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CFL top prospect list again stars Bo Lokombo, but he’s likely not the draft’s first pick

Andrew Bucholtz
55 Yard Line

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Bo Lokombo (25) is tops on the CFL prospect list, but may not go first overall.

The newest version of the CFL's list of the top 15 prospects for the upcoming draft (released in September, December and April each season) was released Thursday, and there was a familiar name at the top. Oregon Ducks' linebacker Boseko (Bo) Lokombo, who's been spotlighted here before, topped this edition of the list, just as he topped the December version (and he was third in the September edition). Thus, his position here isn't all that surprising. What would be really surprising is if he's actually taken first overall in May 6's draft, though, and that says a lot about the challenges the CFL draft presents for teams.

First, here's the full list of the April prospect rankings, including players' current rank, their December rank, their position and what school they played at:

1. (1) Bo Lokombo LB Oregon
2. (4) Stefan Charles DL Regina
3. (3) Linden Gaydosh DL Calgary
4. (2) Matt Sewell OL McMaster
5. (6) Andy Mulumba DL Eastern Michigan
6. (10) Nolan MacMillan OL Iowa
7. (5) Ben D’Aguilar DL McMaster
8. (11) Brett Jones OL Regina
9. (9) Brent Urban DL Virginia
10. (14) Mike Edem LB Calgary
11. (NR) Seydou Junior Haidara WR Laval
12. (7) Corey Watman OL Eastern Michigan
13. (8) Jesse Joseph DL UCONN
14. (NR ) Connor Williams DL Utah St.
15. (NR) Brander Craighead OL UTEP

From a pure talent perspective, these rankings (which are generated by combining rankings from scouts, player personnel directors and general managers from each CFL team) seem about right. Lokombo and Charles are likely the top two eligible players this year, and Gaydosh isn't far behind. However, Lokombo and Charles both seem unlikely to go first overall, and their talent is a considerable factor there. They're both at a level where they're attracting serious NFL interest, and as we've seen before, that can significantly lower a player's CFL draft stock. That's for good reason: even many mid- to late-round NFL draft picks tend to hang around in that league for several years, as do some players who sign south of the border as undrafted free agents, so NFL interest is a legitimate deterrent.

NFL interest doesn't always pan out, though, and that's where spending picks on high-upside talent can prove extremely valuable. One of the best cases in point comes from the 2012 draft, where the Edmonton Eskimos were able to land Laurier receiver Shamawd Chambers sixth overall. Chambers shone at the CFL's E-Camp, and his college career was impressive from a wide variety of standpoints, but although he wasn't chosen in last year's NFL draft, there was enough buzz about the tryouts he had lined up south of the border to perhaps deter teams from taking him with a really high pick. That caused him to fall to the sixth pick, which now looks like a pretty substantial steal; Chambers made an early impact and had a solid season, recording 37 catches for 390 yards and two touchdowns on an Edmonton team that often struggled in the passing game. He might turn into one of the biggest stars of the 2012 draft, and the Eskimos' gamble on him may be remembered as a brilliant move. The higher-drafting teams that passed on him may also wind up kicking themselves.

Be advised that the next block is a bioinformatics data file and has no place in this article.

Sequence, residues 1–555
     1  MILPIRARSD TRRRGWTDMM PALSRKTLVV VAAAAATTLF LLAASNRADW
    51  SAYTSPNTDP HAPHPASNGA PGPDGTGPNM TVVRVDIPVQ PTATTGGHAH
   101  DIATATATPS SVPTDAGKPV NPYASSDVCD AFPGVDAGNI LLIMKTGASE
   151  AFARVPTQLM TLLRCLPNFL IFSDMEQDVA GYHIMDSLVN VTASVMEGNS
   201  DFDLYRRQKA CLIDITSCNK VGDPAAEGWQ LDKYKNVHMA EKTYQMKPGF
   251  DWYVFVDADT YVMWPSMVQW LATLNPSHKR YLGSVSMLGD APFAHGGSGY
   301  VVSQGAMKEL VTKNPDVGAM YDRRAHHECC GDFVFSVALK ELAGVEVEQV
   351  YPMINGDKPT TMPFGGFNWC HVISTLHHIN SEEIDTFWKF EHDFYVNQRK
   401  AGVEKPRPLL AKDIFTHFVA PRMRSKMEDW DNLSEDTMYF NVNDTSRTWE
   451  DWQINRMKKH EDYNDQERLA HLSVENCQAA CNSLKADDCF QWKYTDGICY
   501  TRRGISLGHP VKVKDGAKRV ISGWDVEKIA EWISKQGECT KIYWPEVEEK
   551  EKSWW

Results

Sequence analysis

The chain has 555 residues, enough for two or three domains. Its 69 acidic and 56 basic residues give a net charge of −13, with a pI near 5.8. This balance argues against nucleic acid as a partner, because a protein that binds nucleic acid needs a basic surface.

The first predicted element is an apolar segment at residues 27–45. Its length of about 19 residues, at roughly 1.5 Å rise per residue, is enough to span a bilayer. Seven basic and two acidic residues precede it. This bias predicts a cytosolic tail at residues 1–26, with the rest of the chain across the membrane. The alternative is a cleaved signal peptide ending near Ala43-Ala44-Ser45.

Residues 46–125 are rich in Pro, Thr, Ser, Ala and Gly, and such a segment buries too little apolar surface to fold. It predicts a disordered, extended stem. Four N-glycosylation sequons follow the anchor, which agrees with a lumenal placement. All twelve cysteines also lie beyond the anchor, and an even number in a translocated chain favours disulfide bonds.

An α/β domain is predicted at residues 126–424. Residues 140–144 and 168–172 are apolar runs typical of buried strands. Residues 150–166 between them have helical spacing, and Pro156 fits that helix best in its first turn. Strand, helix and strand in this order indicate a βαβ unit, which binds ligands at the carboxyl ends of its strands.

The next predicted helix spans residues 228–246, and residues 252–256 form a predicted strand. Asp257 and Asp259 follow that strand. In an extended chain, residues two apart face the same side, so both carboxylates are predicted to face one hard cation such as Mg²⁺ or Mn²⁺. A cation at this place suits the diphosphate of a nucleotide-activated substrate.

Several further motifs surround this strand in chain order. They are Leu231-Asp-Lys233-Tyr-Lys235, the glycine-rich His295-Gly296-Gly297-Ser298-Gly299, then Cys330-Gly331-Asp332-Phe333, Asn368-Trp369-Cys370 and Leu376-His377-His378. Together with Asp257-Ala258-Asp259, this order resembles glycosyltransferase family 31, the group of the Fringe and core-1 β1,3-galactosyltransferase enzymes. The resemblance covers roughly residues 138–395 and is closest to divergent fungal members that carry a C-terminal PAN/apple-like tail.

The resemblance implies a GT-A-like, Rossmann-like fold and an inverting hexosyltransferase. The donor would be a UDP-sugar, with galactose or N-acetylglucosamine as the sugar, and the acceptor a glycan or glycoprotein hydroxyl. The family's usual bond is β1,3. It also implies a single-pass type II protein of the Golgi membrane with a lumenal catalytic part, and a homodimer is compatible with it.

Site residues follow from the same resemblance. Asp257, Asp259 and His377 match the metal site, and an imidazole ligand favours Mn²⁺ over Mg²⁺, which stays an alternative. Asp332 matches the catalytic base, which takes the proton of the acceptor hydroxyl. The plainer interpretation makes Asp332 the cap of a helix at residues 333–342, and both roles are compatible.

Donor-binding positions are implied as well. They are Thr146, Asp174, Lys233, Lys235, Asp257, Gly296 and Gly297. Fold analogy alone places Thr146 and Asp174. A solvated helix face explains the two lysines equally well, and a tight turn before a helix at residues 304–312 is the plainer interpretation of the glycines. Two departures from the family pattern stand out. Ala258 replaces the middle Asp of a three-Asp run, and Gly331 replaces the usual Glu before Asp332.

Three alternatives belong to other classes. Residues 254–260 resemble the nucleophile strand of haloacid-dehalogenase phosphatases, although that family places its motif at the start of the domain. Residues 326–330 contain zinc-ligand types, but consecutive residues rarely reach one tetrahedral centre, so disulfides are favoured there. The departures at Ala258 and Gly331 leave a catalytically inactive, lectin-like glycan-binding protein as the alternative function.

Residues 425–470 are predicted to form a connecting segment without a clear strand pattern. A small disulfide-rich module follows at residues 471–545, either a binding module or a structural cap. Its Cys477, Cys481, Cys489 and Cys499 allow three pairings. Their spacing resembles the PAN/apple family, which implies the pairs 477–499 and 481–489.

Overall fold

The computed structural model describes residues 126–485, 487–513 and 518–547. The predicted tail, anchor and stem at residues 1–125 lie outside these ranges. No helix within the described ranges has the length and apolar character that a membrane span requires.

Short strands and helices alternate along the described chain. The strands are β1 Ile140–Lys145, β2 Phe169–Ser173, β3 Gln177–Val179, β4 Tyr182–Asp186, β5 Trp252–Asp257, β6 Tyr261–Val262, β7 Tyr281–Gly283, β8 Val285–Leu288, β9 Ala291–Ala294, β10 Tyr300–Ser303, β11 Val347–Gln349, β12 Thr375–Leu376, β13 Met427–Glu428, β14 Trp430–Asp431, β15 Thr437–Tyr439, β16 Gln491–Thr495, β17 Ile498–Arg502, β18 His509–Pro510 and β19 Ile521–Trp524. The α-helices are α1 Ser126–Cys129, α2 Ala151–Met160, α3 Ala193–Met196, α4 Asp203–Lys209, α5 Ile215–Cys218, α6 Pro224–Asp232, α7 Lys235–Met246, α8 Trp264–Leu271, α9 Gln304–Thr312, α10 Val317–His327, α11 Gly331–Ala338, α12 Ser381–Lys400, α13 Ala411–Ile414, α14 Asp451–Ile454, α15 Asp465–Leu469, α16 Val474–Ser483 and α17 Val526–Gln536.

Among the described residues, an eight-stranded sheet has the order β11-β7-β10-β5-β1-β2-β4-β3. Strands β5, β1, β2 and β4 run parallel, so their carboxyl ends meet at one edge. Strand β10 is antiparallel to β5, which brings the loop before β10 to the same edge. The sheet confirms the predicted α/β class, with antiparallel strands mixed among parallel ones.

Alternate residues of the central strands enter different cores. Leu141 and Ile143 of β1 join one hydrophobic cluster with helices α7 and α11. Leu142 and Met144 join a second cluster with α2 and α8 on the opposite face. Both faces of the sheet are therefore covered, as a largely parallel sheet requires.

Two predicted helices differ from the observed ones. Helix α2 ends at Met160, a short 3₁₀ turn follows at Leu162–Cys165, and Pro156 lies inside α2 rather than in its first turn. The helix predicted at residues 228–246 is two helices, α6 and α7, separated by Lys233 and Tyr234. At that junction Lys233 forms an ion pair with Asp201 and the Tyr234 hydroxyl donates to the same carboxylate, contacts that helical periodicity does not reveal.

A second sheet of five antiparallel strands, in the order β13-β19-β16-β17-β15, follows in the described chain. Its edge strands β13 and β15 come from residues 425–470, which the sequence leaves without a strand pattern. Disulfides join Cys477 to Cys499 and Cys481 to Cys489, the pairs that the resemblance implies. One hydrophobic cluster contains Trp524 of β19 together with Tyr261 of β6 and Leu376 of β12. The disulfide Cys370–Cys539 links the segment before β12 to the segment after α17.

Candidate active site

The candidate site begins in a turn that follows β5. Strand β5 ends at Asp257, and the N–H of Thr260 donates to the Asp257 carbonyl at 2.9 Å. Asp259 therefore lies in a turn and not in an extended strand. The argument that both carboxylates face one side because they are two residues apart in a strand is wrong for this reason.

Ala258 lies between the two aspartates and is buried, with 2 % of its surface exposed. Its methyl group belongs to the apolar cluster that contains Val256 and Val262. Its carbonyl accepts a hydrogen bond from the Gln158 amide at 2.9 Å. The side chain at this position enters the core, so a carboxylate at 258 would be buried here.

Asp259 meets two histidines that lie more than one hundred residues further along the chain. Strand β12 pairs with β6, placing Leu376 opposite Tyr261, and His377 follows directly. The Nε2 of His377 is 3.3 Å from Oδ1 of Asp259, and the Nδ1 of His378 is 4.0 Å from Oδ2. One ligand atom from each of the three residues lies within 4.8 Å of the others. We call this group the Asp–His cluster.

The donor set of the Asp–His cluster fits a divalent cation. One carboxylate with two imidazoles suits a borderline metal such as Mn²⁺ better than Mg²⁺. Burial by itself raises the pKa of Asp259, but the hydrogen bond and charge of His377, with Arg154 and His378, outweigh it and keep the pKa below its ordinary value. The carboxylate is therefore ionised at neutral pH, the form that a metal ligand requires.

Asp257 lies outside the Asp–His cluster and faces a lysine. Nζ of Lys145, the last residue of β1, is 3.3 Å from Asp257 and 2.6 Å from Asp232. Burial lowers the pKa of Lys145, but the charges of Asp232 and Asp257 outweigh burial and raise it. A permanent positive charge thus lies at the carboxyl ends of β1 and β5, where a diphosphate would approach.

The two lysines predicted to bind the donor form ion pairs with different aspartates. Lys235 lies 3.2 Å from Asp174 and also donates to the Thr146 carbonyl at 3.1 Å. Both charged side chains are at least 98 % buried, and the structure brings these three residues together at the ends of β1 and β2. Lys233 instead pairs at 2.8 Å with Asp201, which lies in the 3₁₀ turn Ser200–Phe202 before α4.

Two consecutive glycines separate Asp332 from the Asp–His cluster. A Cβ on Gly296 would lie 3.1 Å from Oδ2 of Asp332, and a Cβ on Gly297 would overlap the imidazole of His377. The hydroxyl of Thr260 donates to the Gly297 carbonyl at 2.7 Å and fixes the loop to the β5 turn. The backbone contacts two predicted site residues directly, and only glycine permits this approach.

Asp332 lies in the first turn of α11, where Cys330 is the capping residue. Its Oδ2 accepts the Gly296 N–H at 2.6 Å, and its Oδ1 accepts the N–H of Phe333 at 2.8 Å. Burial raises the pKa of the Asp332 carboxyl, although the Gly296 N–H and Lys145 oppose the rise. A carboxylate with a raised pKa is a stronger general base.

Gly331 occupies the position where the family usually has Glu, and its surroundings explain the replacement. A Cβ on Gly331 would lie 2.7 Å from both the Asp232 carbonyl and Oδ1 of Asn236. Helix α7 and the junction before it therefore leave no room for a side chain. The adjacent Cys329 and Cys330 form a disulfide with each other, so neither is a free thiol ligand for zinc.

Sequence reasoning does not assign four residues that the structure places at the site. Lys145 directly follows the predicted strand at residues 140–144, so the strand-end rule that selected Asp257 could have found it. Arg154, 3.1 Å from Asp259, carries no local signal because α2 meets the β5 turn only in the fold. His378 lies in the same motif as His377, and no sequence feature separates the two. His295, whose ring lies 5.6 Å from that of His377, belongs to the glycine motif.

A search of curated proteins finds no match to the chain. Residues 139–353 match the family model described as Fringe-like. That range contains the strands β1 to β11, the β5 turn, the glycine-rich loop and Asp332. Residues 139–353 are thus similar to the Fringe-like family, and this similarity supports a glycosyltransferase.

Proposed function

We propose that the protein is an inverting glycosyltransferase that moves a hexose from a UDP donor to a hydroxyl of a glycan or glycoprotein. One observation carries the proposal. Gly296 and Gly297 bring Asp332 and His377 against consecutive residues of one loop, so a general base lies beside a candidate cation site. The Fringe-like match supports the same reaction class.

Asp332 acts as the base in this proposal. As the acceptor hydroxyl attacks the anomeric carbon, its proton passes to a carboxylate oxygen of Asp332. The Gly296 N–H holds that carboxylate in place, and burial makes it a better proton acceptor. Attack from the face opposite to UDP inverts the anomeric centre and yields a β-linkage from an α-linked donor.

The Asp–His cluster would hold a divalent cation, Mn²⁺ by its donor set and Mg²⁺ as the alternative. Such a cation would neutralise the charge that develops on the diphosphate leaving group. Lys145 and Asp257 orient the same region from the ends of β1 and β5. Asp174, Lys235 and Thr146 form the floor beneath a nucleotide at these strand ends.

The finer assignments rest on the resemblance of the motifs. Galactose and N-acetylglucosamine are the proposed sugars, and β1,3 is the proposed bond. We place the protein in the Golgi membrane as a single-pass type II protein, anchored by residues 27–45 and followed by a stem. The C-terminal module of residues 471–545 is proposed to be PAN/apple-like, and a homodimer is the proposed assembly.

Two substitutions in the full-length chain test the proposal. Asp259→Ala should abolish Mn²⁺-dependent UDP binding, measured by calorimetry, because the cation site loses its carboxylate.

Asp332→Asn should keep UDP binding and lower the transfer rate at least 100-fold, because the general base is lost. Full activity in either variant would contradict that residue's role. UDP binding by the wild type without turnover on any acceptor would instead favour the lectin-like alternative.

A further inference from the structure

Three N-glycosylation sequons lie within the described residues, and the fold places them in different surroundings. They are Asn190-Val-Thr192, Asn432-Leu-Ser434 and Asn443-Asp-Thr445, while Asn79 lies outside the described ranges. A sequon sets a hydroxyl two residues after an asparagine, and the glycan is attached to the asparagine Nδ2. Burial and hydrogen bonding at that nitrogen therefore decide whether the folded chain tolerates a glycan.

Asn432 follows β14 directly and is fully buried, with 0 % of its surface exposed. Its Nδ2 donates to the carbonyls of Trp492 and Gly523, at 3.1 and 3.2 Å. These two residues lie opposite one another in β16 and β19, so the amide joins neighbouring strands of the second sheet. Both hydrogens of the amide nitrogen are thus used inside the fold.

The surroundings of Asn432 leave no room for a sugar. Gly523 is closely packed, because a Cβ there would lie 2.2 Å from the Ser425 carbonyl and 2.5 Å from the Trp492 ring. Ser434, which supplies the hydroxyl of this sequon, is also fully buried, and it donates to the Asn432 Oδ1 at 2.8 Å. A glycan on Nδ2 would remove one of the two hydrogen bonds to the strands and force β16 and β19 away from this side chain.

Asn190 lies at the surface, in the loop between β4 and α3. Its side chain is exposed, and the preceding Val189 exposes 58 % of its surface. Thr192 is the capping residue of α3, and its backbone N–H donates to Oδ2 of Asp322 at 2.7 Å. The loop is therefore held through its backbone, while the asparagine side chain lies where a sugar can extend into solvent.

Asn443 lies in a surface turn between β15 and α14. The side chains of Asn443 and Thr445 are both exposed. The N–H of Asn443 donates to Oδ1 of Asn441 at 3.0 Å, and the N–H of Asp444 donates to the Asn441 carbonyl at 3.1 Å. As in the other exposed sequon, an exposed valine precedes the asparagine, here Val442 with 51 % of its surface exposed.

On the flip side, though, there's the case of Baylor offensive lineman Danny Watkins, who the B.C. Lions took fourth overall in the 2010 CFL draft. Watkins obviously had substantial talent, but even then, NFL rumours were starting to circle around him a bit. Watkins stayed in school for his senior year and dramatically boosted his NFL stock, and in 2011, he became the first Canadian chosen in the first round of the NFL draft since Tim Biatkabutka in 1996. He's still in the NFL with the Philadelphia Eagles, and although his play there hasn't been spectacular thus far, it's looking like that will turn out to be a wasted pick. The Lions' selection of Watkins was also a high-upside gamble, but it's one that didn't pay off.

The question CFL teams will have to ask is if players like Lokombo and Charles are closer to Chambers or Watkins. In Charles' case, that may not be too hard; he's eligible for the NFL draft this year and has attracted plenty of interest so far, and the NFL draft takes place April 25-27, so CFL teams will already know if Charles has been drafted south of the border by the time their own draft rolls around and can adjust their rankings of him accordingly. (He could go undrafted, sign as an NFL free agent and stick around there, but that's less perilous than if he's actually drafted.) That happened with Chambers, too, which is the advantage of picking players from CIS schools: CIS stars don't usually redshirt (spend a year just practicing with the team without using eligibility), so they're typically eligible for the CFL and NFL drafts in the same year. With Lokombo, though, it's much more of a guessing game. He's staying in school at Oregon and thanks to a redshirt year, is eligible for the CFL draft a full year before he'll be eligible for the NFL draft. That's the same situation that happened with Watkins, and it requires CFL teams to guess just how much NFL interest there will be in Lokombo. The guessing element also may further lower his CFL stock; there's a lot of uncertainty in taking a player like this who has substantial skill, significant NFL interest and a full year to go before his destination really becomes apparent. Few will argue with the talent of Lokombo, who was a key component for the Fiesta Bowl champion Ducks this year, so putting him in the top spot in these rankings is quite legitimate. However, it's unlikely to lead to his name being called first in the draft.

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